ABI Continues to Stay Positive

Architecture firm billings growth expanded in November by a healthy margin, according to a new report from the American Institute of Architects (AIA). AlA’s Architecture Billings Index (ABI) November score was 54.7 compared to 50.4 in October. With the strongest billings growth figure since last January and continued strength in new project inquiries and design contracts, billing closed in 2018 on a strong note.

“Despite some concerns about a potential economic downturn, architecture firms continue to report strong billings, inquiries and new design contracts,” says AIA chief  economist Kermit Baker. “For the coming year, concerns about the economy among architecture firm leaders tend to be balanced by their concerns about a lack of qualified employee prospects.”

At a seasonally adjusted annual rate of  $789.3 billion, new construction starts in November decreased 7 percent from October’s elevated amount, according to Dodge Data & Analytics. Most of the total construction decline in the latest month was the result of nonresidential building pulling back 15 percent after its 43-percent surge in October.

The other two major construction sectors witnessed slightly reduced activity in November, with residential building down 1 percent and nonbuilding construction down 2 percent.

During the January-November 2018 period, total construction starts on an unadjusted basis were $738.2 billion, up 1 percent from a year ago.

Nonresidential building in November was  $279.9 billion (annual rate). down 15 percent from October. The commercial categories as a  group climbed 14 percent in November, on top of the 47 percent increase that was reported  in October.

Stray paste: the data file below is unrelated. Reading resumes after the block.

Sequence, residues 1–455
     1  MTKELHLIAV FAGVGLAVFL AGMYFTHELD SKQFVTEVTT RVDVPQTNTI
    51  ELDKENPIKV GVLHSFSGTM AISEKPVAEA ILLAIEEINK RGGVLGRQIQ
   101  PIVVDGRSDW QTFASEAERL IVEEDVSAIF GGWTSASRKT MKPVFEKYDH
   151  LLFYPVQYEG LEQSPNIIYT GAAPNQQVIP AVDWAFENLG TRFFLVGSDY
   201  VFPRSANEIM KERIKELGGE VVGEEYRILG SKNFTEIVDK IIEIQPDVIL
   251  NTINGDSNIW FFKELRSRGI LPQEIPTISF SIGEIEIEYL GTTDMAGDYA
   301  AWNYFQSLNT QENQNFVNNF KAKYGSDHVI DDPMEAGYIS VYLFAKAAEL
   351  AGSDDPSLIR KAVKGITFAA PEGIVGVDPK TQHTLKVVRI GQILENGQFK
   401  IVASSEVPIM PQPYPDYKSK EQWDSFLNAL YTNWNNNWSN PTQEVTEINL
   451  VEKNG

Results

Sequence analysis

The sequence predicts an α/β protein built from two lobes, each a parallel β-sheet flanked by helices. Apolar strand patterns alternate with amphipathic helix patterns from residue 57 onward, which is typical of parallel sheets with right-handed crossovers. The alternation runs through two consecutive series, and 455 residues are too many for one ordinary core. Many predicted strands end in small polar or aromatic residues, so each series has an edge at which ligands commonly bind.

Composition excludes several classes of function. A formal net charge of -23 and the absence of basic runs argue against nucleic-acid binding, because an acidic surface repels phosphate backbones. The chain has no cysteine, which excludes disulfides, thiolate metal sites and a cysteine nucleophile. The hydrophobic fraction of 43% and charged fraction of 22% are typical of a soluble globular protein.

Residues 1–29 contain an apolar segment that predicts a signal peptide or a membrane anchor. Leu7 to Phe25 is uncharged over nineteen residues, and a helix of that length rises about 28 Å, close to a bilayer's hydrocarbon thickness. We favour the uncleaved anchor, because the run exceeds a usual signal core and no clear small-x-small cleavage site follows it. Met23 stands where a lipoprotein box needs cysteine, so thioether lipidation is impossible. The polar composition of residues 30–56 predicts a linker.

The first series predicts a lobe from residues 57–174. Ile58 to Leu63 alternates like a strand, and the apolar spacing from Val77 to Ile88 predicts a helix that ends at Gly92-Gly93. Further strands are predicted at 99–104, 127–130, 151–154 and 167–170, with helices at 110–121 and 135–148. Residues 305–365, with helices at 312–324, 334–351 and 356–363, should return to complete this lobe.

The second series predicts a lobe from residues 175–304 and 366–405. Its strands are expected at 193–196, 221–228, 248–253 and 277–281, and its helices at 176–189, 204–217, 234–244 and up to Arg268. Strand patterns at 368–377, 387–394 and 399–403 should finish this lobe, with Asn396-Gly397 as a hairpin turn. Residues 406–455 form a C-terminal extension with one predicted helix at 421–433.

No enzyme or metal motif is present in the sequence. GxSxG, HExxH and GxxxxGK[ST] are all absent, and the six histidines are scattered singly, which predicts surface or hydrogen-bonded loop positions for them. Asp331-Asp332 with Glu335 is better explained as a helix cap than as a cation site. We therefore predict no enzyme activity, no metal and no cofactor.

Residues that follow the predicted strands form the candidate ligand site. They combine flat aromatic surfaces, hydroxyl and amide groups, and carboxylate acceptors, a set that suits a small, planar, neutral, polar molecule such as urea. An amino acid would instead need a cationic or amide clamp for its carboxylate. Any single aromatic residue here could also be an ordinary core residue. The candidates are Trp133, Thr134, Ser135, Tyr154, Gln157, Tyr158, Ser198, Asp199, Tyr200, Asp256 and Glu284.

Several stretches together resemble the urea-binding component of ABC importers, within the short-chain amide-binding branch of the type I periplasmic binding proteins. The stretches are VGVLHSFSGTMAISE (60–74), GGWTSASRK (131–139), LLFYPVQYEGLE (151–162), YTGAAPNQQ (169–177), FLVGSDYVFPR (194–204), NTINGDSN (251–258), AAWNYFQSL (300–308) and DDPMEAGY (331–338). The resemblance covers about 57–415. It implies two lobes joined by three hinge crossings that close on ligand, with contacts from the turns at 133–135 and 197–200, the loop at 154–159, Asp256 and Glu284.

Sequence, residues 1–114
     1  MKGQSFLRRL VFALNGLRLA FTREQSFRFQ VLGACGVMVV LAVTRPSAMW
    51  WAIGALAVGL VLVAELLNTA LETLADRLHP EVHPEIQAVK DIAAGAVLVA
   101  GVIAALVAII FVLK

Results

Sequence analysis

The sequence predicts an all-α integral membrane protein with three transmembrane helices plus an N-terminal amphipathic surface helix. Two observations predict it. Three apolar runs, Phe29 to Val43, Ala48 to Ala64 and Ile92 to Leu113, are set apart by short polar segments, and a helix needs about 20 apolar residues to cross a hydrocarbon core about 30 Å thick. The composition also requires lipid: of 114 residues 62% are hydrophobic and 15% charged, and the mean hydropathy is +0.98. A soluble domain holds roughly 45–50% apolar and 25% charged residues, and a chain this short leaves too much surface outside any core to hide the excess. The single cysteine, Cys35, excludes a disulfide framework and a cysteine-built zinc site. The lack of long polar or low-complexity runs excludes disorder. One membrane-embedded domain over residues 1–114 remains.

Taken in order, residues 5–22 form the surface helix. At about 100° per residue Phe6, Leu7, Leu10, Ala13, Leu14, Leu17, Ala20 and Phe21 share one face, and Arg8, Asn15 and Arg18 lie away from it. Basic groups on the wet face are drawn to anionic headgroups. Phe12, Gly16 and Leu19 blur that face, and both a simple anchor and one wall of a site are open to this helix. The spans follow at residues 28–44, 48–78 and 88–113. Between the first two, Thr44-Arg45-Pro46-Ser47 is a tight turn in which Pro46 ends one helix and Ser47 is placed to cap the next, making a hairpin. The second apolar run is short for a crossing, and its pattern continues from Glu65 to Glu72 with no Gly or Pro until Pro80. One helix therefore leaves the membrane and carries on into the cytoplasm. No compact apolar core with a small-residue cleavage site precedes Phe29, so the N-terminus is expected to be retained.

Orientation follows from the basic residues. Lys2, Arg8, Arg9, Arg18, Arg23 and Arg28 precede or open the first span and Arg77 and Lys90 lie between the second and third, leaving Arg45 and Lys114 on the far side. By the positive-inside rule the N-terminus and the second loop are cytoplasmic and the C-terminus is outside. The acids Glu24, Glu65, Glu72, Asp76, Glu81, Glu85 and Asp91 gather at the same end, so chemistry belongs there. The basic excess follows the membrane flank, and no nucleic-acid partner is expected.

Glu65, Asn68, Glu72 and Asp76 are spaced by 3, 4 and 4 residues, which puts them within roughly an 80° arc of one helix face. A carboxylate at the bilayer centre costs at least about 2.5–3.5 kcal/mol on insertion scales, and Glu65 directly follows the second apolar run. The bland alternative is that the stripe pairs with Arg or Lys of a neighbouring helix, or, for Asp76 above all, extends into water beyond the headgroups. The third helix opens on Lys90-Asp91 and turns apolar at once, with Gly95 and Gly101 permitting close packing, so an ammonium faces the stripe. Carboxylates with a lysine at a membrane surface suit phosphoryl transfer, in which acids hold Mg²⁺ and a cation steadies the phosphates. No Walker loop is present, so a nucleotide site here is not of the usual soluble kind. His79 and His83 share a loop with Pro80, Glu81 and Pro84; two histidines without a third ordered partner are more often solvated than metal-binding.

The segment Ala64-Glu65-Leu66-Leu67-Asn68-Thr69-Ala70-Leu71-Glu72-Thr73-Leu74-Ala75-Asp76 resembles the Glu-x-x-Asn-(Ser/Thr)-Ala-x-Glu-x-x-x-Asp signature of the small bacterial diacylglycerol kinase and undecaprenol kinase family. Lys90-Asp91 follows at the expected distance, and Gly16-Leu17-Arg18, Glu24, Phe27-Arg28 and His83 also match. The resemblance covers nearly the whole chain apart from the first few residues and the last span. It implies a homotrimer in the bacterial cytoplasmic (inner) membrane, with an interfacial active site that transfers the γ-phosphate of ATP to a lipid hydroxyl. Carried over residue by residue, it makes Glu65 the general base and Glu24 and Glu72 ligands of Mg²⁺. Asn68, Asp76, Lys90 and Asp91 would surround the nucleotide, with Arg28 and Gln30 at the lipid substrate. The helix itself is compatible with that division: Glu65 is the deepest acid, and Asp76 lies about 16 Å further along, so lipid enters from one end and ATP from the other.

The Dodge Momentum Index moved 5.3-percent higher in November to  159.7 (the year 2000=100) from the revised October reading of 151.7. The momentum index  is a monthly measure of the first (or initial) report for nonresidential building projects in planning, which have been shown to lead construction spending for nonresidential buildings by a full year.

November’s gain was due to a  9.4-percent rebound for the commercial component of the momentum index. The recent setbacks in  the overall index were the result of declines in planning for commercial buildings, and while such planning did rebound in November, the level remains below what was reported in late spring and early summer.  This is consistent with the view that  the commercial building sector may now be nearing a peak.

Meanwhile, the institutional component of the momentum index eased back 0.6 percent in November. Plans for institutional building  projects have remained generally stable during 2018, reflecting the influence of public funding as it relates to such projects as schools and transportation terminals.

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